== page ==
A panel in San Francisco at the Herbst Theater on Wednesday was a galvanizing point for local progressives who, though seemingly defeated, have been searching for a way to legally fight back against the alt-right.
The Chronicle's KEVIN FAGAN: "With Republicans firmly in command of Congress, the White House and about one-third of all state legislatures, it would be easy for an overwhelmingly left-wing crowd gathered in San Francisco Wednesday night to feel like the political equivalent of crushed bugs. Or at least voiceless ones."
"Forget that, insisted the panel of political activists and experts they came to see at the Herbst Theater in a presentation entitled “Can the Trump Resistance Grow Beyond Protest?”"
Sacramento's leadership has offered up the local streets as testing gorunds for driverless vehicles.
Sacramento Bee's TONY BIZJAK: "Sacramento stepped up its push to become a national testing ground for driverless cars Wednesday, holding a private meeting downtown with automakers and technology company representatives, then calling a press conference to say Sacramento is hungry to be an robot car leader."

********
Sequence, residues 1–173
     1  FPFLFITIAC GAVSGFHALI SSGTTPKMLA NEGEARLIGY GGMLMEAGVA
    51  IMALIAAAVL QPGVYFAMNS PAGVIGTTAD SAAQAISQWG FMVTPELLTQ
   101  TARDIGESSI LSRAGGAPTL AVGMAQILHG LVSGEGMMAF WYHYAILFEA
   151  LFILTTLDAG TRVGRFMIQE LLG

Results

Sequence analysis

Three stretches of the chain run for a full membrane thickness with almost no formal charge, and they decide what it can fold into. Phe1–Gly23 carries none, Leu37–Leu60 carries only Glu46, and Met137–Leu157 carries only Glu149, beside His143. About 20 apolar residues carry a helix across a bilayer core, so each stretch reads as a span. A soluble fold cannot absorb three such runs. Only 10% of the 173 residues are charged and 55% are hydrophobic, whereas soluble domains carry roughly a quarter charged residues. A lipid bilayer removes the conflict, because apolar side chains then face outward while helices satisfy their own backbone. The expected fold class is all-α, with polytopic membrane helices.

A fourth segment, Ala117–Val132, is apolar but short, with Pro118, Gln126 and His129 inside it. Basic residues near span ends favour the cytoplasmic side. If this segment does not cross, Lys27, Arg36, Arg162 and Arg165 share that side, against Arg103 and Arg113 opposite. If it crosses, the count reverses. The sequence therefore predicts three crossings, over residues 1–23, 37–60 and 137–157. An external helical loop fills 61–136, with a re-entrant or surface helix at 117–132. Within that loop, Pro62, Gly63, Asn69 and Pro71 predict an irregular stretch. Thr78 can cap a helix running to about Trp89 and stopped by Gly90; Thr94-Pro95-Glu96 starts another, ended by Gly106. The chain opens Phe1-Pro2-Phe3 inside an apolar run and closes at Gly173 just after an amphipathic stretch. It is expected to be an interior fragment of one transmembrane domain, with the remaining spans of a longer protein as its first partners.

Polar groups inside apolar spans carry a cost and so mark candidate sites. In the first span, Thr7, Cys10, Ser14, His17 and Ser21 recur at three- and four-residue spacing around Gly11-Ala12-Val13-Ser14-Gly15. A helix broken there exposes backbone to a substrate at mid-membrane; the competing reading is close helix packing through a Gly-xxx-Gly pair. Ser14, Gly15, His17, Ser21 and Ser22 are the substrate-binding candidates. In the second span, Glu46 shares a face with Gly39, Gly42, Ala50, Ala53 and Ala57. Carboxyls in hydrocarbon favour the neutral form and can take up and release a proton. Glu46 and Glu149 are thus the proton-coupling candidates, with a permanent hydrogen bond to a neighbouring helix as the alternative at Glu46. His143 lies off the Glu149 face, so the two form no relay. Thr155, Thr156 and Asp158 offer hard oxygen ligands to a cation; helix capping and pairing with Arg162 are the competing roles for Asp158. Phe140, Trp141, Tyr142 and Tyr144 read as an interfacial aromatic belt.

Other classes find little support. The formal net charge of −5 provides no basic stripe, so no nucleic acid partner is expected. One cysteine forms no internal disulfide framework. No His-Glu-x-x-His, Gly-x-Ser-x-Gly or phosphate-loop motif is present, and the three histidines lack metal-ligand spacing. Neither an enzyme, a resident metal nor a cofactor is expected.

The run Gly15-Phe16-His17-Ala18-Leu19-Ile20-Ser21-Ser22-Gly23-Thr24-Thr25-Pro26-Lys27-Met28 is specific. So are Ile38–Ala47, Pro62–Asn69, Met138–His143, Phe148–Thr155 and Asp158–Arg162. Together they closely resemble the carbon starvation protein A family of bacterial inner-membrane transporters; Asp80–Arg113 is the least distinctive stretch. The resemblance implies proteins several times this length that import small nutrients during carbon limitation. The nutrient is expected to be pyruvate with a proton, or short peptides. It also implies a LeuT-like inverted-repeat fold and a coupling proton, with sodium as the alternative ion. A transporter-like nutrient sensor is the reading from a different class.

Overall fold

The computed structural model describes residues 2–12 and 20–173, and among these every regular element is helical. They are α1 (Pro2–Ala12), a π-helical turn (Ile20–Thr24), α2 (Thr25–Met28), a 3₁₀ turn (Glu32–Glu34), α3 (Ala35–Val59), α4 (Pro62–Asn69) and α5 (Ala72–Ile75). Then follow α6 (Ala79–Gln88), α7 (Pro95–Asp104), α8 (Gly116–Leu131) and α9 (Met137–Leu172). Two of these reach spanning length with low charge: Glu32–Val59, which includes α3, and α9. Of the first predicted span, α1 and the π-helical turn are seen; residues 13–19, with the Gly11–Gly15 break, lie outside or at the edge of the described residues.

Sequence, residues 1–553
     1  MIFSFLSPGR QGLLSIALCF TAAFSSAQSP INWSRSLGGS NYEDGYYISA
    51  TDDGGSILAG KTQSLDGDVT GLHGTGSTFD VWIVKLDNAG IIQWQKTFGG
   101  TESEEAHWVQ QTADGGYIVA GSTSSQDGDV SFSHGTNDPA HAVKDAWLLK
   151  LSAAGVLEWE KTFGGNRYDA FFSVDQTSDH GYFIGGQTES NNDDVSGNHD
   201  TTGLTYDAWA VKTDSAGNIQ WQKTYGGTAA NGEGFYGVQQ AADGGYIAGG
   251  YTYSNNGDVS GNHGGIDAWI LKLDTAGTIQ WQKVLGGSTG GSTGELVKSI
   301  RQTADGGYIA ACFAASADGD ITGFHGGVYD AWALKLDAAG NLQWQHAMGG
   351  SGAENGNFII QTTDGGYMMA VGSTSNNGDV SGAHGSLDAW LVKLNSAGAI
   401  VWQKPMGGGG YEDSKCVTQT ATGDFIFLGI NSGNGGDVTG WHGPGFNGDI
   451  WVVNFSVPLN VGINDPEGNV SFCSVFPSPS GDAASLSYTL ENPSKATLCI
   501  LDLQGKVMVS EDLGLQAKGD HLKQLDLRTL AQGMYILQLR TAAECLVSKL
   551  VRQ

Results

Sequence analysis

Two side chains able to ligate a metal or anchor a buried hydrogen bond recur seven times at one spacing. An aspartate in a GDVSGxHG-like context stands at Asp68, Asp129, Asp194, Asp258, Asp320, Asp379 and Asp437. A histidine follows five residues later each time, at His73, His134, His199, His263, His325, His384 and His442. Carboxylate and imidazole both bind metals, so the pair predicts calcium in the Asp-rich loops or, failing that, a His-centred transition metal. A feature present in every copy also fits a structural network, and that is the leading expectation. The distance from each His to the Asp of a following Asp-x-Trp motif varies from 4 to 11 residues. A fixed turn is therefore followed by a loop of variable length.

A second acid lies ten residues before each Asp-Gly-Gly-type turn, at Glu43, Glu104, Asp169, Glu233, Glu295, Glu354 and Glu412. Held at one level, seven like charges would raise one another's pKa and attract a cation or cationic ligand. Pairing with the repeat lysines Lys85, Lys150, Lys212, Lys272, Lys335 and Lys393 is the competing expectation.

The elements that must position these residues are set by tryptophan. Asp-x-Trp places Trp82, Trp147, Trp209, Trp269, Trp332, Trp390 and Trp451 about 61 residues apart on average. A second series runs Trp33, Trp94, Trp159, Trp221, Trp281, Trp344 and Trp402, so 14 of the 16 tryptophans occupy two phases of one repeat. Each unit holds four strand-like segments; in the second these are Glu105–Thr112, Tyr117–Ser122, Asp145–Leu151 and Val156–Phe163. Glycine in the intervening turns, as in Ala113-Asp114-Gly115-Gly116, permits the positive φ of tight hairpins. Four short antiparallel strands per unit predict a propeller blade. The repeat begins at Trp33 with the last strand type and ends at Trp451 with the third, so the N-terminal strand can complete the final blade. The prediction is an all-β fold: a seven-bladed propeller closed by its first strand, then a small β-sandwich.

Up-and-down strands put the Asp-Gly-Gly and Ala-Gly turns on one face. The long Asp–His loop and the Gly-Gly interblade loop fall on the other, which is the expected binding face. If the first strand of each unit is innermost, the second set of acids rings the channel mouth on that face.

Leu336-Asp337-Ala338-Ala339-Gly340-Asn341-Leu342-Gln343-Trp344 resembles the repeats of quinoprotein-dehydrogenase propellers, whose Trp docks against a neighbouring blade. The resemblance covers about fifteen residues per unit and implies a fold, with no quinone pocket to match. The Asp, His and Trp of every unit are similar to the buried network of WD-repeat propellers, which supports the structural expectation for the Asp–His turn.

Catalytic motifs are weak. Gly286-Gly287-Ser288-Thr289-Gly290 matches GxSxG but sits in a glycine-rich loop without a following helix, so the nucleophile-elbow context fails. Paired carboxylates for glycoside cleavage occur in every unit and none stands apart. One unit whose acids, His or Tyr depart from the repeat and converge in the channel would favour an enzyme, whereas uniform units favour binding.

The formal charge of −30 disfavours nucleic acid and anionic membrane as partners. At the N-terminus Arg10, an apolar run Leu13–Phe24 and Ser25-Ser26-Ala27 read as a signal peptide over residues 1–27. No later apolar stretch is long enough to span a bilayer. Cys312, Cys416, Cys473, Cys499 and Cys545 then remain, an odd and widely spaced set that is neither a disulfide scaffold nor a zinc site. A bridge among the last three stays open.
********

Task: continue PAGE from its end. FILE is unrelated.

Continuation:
"Mayor Darrell Steinberg and Rep. Doris Matsui convened an invitation-only group of several dozen manufacturers, entrepreneurs, regulators and business community members to offer its streets as a proving ground for the technology that many say will revolutionize driving in the next few decades."
"One of those leaders, Kings managing partner and former tech CEO Vivek Ranadive, said he feels that Sacramento is in a race with other communities, some of whom, including San Francisco, Pittsburgh and Phoenix, already have autonomous test cars on their streets."
Jerry Brown's administration has been criticized for withholding Oroville dam's administrative records.
The Chronicle's STAFF: "Having barely succeeded in holding back floodwaters, state officials have turned their attention to holding back information. Gov. Jerry Brown administration’s suppression of records related to the wobbly Oroville Dam has been rightly criticized by legislators, local officials and journalists."
"Since the dam’s crumbling spillways forced hundreds of thousands to evacuate downstream areas amid heavy winter rains, the Department of Water Resources has become increasingly reluctant to release information about the structure’s weaknesses and planned repairs. Even as the state prepared to spend $275 million in public funds to repair the nation’s tallest dam, officials cited security concerns and antiterrorism regulations to keep contract, inspection and other records from reporters and the public."